"The lens has got to widen a bit," Prior said, explaining how WPP’s new global branding network is "structured much more like a management consultancy".
He added: "As brand consultancy businesses, we help to shape and steer the direction of our clients’ businesses over a sustained period of time. We are less and less these days about the immediate, high-impact, super-visible, public displays of creative work."
Superunion, which counts Ford, Diageo and Vodafone as clients, was formed by the merger of five agencies. It has revenues of about $100m and 750 staff – accounting for less than 1% of WPP. However, Prior said: "Billings are not the way to look at it – it’s influence, and I’d argue we have a very high influence. You do not go through a strategic rebranding process, whether it involves a change of logo or not, without talking to the CEO and involving every department within that organisation."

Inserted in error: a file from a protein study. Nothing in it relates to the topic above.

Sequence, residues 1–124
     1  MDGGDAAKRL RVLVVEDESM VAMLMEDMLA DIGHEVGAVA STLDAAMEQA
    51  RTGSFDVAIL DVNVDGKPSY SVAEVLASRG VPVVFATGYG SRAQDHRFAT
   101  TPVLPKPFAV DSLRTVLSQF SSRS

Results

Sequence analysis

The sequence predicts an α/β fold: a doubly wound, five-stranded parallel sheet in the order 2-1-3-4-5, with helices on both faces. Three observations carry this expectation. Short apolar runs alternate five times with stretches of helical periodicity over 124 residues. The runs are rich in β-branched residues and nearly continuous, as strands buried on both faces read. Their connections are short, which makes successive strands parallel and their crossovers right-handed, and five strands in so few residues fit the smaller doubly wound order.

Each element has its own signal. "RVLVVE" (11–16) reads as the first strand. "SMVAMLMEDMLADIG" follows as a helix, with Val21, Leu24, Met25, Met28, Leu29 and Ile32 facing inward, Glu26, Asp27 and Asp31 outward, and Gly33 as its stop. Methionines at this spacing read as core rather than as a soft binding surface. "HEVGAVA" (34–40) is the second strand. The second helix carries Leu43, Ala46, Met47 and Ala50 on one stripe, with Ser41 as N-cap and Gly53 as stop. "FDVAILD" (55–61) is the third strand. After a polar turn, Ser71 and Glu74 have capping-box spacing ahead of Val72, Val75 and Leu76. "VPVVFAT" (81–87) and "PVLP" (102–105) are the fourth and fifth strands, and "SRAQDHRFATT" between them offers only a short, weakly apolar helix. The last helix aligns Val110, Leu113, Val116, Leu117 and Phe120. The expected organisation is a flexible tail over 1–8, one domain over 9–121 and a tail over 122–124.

Prior said companies are carrying out "fewer major brand identity changes" partly because boards are "nervous" about a negative reaction, but also because they are more interested in long-term change.
The creation of Superunion is merely one in a string of agency mergers across WPP as the group aims for greater collaboration, dubbed "horizontality", and to cut costs.
Prior, who previously ran The Partners and Lambie-Nairn, two of the agencies that became part of Superunion, said staff are working closely with other WPP agencies in creative, media and public relations.
He added that the challenge for all agencies is to think more strategically. "The thorn in the side of advertising agencies is they’ve got to lose that obsession with the industry being defined by campaigns," he said. "The criticism of branding agencies is it’s all about changing logos. We all suffer from that to an extent."